Grammy-Nominated Pianist Leanne Rees has turned to another rich period of genre overlap for her most recent recording-- the early twentieth century. Best known for championing women composers, Rees finds several women who have contributed jazz-influenced compositions to the repertoire: Margaret Bonds, Valerie Capers, and Mary Lou Williams. Bonds, the first black woman composer at Julliard, based her "Troubled Waters" on the Spiritual form, particularly the song that came to be know as "Wade In The Water." Capers has divided her time between jazz performance as a pianist--appearing on Marian McPartland's Piano Jazz program--and extended composition. Her "Blues for the Duke" and "A Taste of Bass" have a strong improvisational quality. Mary Lou Williams is, of course, well known in jazz history. Lees has chosen a piece of her that pays tribute to two other legends "The Duke & The Count."
Digging further for appropriate repertoire, Rees has gone further back in time for one of Scott Joplin's lesser known--therefore not overdone-compositions. "Solace: A Mexican Serenade" is low-key although not particularly Mexican in flavor; ragtime doesn't wander far stylistically. Gershwin's jazz-flavored writing is well-known. Rees again, wisely, has sought out "Two Waltzes" that have not been heard too often. Also new is the Ellington composition "Clothed Woman," which also has an improvisational feel. More strictly compositional in nature is a three-part piece by French composer Francis Poulenc. Known as "half bad boy, half monk," Poulenc was part of a group of young composers known as Les Six and an associate of expressionist artists such as Jean Cocteau. This group was more oriented toward the contemporary French music hall than what was coming across the Atlantic, but the sensibilities are curiously parallel and the piece fits Rees' program nicely. Her own piece, "Funky Tango," slipped modestly into the middle of the program, shows that she has absorbed the idiom well enough to compose within it.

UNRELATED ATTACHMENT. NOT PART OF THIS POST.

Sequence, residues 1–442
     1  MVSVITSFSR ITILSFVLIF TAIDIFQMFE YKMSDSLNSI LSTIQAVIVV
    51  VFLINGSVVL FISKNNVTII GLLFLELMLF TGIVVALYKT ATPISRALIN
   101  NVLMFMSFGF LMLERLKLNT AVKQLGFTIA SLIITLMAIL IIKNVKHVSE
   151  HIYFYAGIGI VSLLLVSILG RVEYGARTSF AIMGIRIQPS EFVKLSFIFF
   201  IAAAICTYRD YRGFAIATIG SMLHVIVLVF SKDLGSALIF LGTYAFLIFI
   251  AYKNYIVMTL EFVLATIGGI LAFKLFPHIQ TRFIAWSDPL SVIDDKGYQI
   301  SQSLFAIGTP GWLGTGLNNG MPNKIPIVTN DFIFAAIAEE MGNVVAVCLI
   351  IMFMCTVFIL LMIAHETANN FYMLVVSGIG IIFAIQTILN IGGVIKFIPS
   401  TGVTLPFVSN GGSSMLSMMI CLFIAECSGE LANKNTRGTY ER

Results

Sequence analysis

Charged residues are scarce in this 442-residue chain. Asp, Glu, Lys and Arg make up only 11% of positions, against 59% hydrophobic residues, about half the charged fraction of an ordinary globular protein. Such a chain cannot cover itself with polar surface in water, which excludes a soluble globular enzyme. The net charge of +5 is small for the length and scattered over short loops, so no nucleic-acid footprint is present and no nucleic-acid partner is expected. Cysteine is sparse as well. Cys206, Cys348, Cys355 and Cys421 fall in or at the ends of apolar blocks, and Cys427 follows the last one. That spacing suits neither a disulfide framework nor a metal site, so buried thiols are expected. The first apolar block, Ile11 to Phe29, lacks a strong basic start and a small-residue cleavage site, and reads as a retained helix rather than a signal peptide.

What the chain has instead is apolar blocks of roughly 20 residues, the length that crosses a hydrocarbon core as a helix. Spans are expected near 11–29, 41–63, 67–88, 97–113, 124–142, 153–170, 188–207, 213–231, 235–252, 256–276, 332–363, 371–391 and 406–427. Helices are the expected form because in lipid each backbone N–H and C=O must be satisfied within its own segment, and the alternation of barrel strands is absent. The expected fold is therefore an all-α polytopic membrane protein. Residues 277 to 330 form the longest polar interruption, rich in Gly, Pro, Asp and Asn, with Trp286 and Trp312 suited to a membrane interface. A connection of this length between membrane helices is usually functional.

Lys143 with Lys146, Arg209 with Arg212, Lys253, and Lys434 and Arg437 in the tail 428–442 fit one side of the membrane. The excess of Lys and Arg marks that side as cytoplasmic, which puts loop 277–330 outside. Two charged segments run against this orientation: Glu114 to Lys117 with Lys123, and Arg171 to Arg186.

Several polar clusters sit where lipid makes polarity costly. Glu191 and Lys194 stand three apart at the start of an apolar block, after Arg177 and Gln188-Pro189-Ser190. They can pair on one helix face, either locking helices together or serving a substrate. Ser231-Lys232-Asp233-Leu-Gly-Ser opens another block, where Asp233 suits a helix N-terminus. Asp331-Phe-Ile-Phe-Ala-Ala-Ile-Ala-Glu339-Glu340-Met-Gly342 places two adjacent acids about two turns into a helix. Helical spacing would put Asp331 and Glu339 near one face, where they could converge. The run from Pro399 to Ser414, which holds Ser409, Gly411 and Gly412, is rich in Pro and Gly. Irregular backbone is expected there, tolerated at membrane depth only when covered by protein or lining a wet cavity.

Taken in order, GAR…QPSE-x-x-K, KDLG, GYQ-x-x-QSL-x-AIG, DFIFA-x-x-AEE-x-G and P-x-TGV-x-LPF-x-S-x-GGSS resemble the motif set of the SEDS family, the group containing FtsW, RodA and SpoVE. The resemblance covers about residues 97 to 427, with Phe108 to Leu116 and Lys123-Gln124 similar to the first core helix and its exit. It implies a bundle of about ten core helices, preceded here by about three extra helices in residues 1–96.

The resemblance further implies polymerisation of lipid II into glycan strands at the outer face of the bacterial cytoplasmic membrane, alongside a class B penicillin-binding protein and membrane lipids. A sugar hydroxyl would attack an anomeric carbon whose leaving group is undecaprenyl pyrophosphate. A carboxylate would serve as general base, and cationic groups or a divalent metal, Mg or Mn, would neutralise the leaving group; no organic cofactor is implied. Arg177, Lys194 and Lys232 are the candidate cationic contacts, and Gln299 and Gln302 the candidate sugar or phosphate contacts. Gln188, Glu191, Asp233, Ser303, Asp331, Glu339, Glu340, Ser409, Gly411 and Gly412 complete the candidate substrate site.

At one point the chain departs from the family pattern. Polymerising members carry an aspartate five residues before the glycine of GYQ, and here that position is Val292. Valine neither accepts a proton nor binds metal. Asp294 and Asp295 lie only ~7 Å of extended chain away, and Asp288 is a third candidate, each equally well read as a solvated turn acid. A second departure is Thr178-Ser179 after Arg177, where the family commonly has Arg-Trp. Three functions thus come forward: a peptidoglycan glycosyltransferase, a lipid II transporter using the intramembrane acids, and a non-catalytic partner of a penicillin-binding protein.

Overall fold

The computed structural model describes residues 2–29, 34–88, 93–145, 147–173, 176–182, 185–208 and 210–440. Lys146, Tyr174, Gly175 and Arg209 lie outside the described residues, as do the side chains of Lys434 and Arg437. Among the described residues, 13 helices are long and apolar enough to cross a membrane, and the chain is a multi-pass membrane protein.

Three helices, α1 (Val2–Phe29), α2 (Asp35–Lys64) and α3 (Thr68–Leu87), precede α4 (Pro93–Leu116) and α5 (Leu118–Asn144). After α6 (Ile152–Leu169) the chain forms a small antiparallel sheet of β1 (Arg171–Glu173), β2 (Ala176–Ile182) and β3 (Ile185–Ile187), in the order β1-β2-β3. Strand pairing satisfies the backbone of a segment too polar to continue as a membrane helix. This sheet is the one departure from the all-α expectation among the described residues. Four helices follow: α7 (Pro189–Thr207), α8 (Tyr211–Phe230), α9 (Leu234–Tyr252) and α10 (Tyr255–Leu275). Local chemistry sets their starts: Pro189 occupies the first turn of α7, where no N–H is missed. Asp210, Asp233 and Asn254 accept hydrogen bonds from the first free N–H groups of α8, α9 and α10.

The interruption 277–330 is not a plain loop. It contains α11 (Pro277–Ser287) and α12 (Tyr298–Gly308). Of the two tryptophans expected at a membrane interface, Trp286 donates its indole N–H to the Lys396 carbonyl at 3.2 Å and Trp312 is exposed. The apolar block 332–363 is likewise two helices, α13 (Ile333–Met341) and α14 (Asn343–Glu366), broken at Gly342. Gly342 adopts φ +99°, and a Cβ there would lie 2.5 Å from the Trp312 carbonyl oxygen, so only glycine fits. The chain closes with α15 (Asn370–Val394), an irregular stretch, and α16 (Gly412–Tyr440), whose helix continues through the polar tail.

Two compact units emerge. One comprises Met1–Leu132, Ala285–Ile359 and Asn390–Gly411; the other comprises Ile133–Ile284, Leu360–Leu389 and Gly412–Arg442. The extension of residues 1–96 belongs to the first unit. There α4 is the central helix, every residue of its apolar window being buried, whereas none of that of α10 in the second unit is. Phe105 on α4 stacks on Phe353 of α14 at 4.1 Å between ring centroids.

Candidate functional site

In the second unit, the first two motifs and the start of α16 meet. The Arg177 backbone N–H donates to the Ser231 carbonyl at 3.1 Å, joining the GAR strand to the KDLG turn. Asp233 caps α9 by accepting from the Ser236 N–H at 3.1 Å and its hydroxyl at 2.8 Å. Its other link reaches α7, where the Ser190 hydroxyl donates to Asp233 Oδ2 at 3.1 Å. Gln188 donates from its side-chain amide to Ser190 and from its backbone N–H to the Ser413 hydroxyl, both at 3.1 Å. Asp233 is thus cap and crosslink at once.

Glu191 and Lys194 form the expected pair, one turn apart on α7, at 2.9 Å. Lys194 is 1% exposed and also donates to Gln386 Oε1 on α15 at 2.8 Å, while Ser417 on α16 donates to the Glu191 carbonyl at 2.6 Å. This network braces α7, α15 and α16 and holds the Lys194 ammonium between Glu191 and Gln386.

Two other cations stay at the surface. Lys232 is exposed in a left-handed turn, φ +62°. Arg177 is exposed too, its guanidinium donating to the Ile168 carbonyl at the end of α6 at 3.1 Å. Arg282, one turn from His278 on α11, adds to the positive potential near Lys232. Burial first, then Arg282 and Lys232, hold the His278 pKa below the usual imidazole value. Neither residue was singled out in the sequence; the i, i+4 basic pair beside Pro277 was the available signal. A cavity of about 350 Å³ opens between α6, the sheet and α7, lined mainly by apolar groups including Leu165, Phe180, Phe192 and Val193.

To round out the program Rees comes forward in time but returns to a woman composer. Seeking a way to tie together a very diverse group of selections, Rees approached Marian McPartland and commissioned her to write a piece that concludes the recording as well as Rees' recitals of this material. Again taking an improvisational approach, McPartland found recollections of her life speaking to her from the music, leading to her calling the piece "Life Notes."
McPartland's piece forms a fine conclusion to the set but it is Rees who is the glue binding it all together. She executes all these pieces with technical surefootedness, sensitivity of touch and attention to detail. More importantly, she has taken the time and effort to add the role of musicologist to that of performer, and to do the research that has unearthed these pieces. She is to be congratulated.